Mayor of border city Presidio, Texas calls Trump’s proposed border wall “short-sighted” and explains geology prohibitive to such a structure

Presidio Mayor John Ferguson offered the following in response to President Trump’s insistence on building a wall along the entire U.S. border with Mexico:

“President Trump’s executive order to construct a wall along our nation’s southern border is a short-sighted political move that will not stop illegal immigration, nor will it do the hard work of alleviating the causes of why people choose to make a dangerous trek to be in our country in the first place. Illegal immigration has been a part of the daily existence for those of us who reside on the border for quite some time. In the Texas Big Bend and in the deserts of northern Mexico, the choice to make the journey northward has often been tempered by unforgiving heat, mountainous terrain, and an extreme lack of water. Yet, many still choose to try and make it, but this portion of the border generally discourages large-scale movement of undocumented immigrants.

Many Texas state elected officials also oppose building a border wall in the Texas Big Bend. The Rio Grande’s course through this region was determined by geology, ultimately causing a south-flowing river to abruptly turn northward, then, eventually again back to the south. To consider constructing an unbroken barrier through the Big Bend, along the Rio Grande would be impossible because of the region’s naturally-occurring obstacles. In addition, the river is fed by many arroyos (creeks) that would require gaps in the wall structure to allow floodwater and debris to flow freely into the river after flash floods.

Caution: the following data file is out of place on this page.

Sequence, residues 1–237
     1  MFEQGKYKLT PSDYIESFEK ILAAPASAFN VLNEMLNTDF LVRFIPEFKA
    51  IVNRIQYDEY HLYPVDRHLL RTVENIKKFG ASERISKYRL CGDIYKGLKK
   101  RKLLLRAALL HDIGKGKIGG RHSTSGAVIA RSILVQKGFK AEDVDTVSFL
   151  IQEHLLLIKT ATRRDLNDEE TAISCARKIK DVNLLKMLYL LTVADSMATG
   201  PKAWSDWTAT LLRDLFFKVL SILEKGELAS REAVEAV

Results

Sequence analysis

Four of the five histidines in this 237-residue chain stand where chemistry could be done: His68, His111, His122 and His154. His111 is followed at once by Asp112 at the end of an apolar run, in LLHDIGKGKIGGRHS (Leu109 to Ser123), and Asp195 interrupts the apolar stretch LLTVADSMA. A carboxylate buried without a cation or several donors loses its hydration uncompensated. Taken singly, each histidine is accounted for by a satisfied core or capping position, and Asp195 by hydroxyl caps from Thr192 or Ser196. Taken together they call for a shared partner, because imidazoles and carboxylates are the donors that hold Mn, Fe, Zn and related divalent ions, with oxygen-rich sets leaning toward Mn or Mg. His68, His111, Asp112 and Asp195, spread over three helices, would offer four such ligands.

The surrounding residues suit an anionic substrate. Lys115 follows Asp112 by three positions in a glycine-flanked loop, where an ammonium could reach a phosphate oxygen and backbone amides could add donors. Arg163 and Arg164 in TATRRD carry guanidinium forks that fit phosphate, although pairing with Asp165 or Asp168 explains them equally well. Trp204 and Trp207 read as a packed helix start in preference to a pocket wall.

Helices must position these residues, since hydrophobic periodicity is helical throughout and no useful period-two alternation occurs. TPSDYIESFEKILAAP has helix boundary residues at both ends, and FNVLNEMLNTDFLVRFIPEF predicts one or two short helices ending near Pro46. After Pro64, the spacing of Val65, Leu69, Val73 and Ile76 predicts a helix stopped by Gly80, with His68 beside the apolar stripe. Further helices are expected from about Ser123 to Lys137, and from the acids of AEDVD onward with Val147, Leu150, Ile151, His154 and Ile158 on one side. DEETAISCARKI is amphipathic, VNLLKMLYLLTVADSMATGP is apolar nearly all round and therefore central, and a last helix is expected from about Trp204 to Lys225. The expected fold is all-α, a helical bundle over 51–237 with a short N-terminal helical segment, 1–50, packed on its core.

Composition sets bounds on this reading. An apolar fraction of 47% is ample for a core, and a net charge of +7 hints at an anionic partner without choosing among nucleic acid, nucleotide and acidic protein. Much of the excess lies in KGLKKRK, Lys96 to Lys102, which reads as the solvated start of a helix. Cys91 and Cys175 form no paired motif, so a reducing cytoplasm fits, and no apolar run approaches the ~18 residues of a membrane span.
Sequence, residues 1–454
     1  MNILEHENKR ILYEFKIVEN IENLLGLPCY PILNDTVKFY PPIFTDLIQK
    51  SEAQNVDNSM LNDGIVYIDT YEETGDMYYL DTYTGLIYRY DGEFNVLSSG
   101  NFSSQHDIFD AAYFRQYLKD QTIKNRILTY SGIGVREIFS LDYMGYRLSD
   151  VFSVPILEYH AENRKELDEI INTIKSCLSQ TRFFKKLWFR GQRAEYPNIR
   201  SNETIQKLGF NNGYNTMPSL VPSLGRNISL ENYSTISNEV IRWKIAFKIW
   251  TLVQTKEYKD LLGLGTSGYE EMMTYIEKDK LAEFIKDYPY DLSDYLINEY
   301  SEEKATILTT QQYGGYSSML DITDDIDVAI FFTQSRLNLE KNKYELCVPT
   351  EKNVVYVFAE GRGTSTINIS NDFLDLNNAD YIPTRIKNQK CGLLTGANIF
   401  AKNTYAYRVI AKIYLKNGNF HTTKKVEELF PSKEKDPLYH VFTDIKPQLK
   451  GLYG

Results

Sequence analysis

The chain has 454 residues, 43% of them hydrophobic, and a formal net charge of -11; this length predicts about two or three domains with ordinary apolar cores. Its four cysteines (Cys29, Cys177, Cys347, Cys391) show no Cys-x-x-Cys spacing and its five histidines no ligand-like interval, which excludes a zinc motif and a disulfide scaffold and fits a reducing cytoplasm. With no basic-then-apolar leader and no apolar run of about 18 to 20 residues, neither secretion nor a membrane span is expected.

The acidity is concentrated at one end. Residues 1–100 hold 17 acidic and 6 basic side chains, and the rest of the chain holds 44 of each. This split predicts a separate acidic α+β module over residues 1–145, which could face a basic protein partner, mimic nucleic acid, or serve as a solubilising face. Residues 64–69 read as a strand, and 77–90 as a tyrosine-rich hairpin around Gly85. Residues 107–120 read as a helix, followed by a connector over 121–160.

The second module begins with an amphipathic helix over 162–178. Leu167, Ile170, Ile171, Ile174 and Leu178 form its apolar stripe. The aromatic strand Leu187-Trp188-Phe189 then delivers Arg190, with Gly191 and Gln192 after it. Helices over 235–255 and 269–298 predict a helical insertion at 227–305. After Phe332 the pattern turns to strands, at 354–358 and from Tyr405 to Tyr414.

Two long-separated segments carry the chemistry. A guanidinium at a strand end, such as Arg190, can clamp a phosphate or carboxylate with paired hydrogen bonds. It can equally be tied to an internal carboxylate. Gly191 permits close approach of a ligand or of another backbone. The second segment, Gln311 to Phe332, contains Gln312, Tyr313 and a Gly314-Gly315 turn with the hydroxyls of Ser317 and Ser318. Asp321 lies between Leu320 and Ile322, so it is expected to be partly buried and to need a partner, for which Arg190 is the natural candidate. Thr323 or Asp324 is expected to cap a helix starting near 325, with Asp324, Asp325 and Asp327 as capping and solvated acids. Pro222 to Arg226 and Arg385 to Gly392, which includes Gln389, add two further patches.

Then, of course, consider the blight on the landscape a border wall would cause in Texas’ last frontier: The Big Bend. Farm to Market (FM) 170 in Presidio is considered one of America’s great scenic river and desert drives. Lajitas Resort is built with the river and a breathtaking mountain backdrop as its essence. Santa Elena Canyon and Boquillas Canyon, both in Big Bend National Park, show us the magnificent work of nature, and also how these landmarks are shared by two nations. Just a few years ago, the crossing to Boquillas del Carmen re-opened and is a safe, enjoyable part of any visit to Big Bend.

The story behind the story here is that the border wall does nothing to address why illegal immigration is occurring. Working on that problem is much more complex and seemingly of no interest to the present commander-in-chief.

Finally, the border is simply an imaginary line that separates two nations. In Presidio’s case, the border lies in the middle of the channel of the Rio Grande. On the other side are many relatives and friends of ours who live in Ojinaga, Mexico. The river merely runs through the middle of our two communities; it brings us together.

I look forward to the day when the U.S. and Mexico can again celebrate what we have in common, as well as our differences. China built a wall to keep out invaders. The Berlin Wall was built to imprison those who lived inside it. The U.S. border wall is envisioned to keep out those whom we for years have lured here—for our enjoyment of cheap labor, and their chance to have a second chance.”


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